Exploring Andahuaylillas: The Sistine Chapel of the Andes

Nestled in the heart of the Southern Valley of Cusco, Peru, lies a hidden treasure often overshadowed by the fame of nearby Machu Picchu. The small village of Andahuaylillas is home to one of the most significant yet underappreciated wonders of the region: the San Pedro Apóstol Church. People famously dub it the ‘Sistine Chapel of the Andes’. This blog post delves into the allure of this remarkable church. It explores its captivating artwork, rich history, and the unique experience it offers to those who visit.

Exploring Andahuaylillas: The Sistine Chapel of the Andes

The Historical Significance of San Pedro Apóstol Church

Constructed by the Jesuits in the 16th century, the San Pedro Apóstol Church stands as a testament to the intricate blend of Spanish colonial and indigenous Andean cultures. Builders constructed the church on the site of an Inca temple, symbolizing the religious transformation that occurred during the Spanish conquest. The fusion of architectural styles speaks volumes about the cultural synthesis of the period.

Architectural Marvels

As you approach the church, the first thing that strikes you is the modest exterior, a stark contrast to the opulent interior. The façade, characterized by its simple and traditional Andean design, belies the artistic richness within. Designers laid out the church in a typical Latin cross layout, but the interior truly showcases the blend of Spanish Baroque and indigenous art.

A Canvas of Stunning Artwork

Upon entering, visitors are immediately captivated by the explosion of color and detail. Every inch of the church is adorned with intricate murals, gold leaf, and carved wood. The ceiling, in particular, is a masterpiece, featuring a Mudejar-style (a blend of Christian and Islamic art) intricate wooden paneling.

The Altarpiece

The high altar is an exquisite piece of art in its own right. Covered in gold leaf and housing various religious statues, it reflects the wealth and artistry of the colonial era.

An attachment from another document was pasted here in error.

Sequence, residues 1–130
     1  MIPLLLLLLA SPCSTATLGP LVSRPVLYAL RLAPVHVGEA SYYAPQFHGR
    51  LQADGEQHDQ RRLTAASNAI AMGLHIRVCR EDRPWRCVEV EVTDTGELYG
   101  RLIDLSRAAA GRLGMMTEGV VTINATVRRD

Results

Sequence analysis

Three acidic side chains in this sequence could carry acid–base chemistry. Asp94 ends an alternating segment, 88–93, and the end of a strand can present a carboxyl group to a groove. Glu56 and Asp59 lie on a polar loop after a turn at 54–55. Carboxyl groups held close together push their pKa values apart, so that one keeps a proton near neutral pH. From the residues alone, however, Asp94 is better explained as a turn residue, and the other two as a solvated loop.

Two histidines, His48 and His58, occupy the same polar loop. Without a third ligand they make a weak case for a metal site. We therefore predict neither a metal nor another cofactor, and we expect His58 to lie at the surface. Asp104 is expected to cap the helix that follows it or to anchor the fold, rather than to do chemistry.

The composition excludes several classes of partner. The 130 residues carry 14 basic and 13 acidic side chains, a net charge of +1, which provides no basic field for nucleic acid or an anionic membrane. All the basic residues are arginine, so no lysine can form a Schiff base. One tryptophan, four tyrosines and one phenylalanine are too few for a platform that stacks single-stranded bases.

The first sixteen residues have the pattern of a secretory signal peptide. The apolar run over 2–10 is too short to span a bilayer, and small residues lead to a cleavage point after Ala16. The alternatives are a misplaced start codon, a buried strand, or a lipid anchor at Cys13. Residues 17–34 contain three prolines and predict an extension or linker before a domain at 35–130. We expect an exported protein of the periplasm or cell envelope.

The Murals

The murals in San Pedro Apóstol are what give it the nickname “Sistine Chapel of the Andes.” These works, primarily created by Luis de Riaño in the 17th century, depict scenes from the Old and New Testaments. They also feature imagery that combines Catholic and Andean religious symbols. This fusion art is not only beautiful but also serves as a historical record of the cultural and religious changes that took place.

The Organ and Choir Loft

The church houses a rare 17th-century organ, remarkable for its age and history. The choir loft, too, is a fine example of colonial craftsmanship, offering a panoramic view of the church’s interior and its artworks.

Exploring Andahuaylillas: The Sistine Chapel of the Andes

The Experience of Visiting

Visiting the San Pedro Apóstol Church in Andahuaylillas is a journey through history and art. The church, though small, offers an immersive experience into the world of Andean spirituality and colonial art. Guided tours are available, providing insights into the church’s history, art, and its role in the community.

Practical Information for Visitors

  • Location: Andahuaylillas, Quispicanchi Province, about 40 kilometers from Cusco city.
  • Best Time to Visit: The dry season (April to October) offers clear skies and easier travel conditions.
  • Accessibility: The church is accessible to visitors throughout the year, with a small entrance fee that contributes to its preservation.

Exploring Andahuaylillas: The Sistine Chapel of the Andes


The San Pedro Apóstol Church in Andahuaylillas is a cultural gem that offers a unique glimpse into the confluence of Andean and Spanish cultures. Its artwork and historical significance make it a must-visit for anyone interested in history, art, or spirituality. As you plan your trip to Cusco, make sure to include a visit to this remarkable “Sistine Chapel of the Andes” and immerse yourself in the rich tapestry of Andean culture and history.

Proceed Booking